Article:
Monday, July 7, 2008
Caught an afternoon ferry from Macua to Kowloon...walked the wide streets to Chungking mansion where I got a room for $150 (ten pounds), on the fifth floor. The single lift serviced the seperately owned hotels on each floor and therefore was incredibly slow. Queues of people, sometimes thirty or more, waited on the ground. People from every continent searched the markets stalls. Taylors, Indian take-aways, porn movie stands. Many just stood around, time on their hands, living in this conglomerate of opportunities.
After easing my backpack off my shoulders and lying for some moments on the bed, wishing I had air-conditioning and a view, I got up and wandered the avenue of stars. Jackie Chan and Bruce Lee were among the heroes remembered in statue. Other legends of Hong Kong cinema I didn't recognize. I caught the tail end of the nightly light show over and above the skyscrapers on Victoria Island. Classical music blarred from speakers along the promenade, enhancing the visual display. I remembered a budding photo journalist I'd met in Longsheng saying to me that the view from Kowloon across the harbour was one of the wonders of the world. It was serene. The people here were predominantly tourists, like myself, and we took in the beauty in mostly hushed voices, dampened anyway by the water sounds and the chug of old boats. Couples canoodled on benches.
While in Hong Kong I visited victoria peak, on victoria island, which over-looks the man-made erections. I had a few drinks in Kong Kwai, a touristy bar district. The trip across the harbour which I did many times was enjoyable. The breeze blowing into my face. Wetness from the machine made surf. The people in happy mood. Heat eased as we rode the constantly stirred waters.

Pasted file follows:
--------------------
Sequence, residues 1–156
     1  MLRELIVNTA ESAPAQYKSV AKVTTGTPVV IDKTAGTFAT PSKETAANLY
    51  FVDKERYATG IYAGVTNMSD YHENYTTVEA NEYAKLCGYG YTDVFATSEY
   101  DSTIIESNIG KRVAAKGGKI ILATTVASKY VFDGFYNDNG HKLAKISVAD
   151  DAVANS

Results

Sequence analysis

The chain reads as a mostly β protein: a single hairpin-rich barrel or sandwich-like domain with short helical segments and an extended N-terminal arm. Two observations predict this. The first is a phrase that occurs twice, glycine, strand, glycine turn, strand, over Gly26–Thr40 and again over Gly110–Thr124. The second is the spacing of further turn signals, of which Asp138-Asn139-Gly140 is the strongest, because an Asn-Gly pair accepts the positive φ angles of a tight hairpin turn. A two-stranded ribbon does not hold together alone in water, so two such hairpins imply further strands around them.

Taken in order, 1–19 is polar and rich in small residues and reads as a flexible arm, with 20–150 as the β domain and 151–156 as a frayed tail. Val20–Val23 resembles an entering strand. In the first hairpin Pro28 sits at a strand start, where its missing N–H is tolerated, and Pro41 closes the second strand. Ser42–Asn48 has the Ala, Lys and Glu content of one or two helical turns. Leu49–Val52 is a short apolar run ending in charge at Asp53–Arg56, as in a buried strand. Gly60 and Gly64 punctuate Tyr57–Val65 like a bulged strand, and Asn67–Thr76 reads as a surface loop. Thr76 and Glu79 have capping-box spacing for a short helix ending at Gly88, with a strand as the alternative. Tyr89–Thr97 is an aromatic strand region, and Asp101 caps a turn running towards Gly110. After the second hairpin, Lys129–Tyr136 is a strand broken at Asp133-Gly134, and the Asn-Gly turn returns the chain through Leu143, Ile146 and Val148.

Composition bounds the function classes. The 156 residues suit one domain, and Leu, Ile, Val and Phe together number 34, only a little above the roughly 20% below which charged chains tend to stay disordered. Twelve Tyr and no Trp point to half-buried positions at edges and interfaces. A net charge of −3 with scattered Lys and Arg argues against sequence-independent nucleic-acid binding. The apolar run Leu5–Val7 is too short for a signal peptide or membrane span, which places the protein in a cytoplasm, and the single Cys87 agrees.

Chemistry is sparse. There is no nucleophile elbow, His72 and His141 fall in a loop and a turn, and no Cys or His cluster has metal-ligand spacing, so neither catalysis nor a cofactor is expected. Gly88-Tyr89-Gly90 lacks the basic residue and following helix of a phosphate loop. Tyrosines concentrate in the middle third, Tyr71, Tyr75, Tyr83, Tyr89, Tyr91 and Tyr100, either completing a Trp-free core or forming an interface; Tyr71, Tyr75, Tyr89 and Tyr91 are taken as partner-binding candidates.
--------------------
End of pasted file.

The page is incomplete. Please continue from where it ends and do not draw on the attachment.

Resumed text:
One night I went for some drinks on kowloon. After twenty minutes three middle aged western men walked in. They introduced themselves to me. Guys on an english teaching holiday. One told me he came every year. We played darts together and got quickly inebriated, mixing our drinking of pints with a glass of whisky and green tea, the passion of the canadian. Soon I was left with the englishman and he said he'd take me to a karaoke bar. I scoughed the free mixed raisin and nuts and sang away.
We went on to some other bars. A live band was playing. I danced away and my one night friend left. At one moment the lead singer saw me singing along and pushed the mic into my face. I blasted it fully with the air from my lungs and the spit of my mouth. Later, slave to the moment, I pulled the mic close again, a look of surprise on the singers face. The idea of karaoke fixed in my drunken mind.
Stanley, on Victoria island was a nice seaside town, with a street market and a beach. Along the promenade at night, jazz played and fat toursists ate western burger and chips and swigged beer. On the bus there I sat next to a philipino middle aged woman who told me where to get off. Her friendliness and smile cheered me.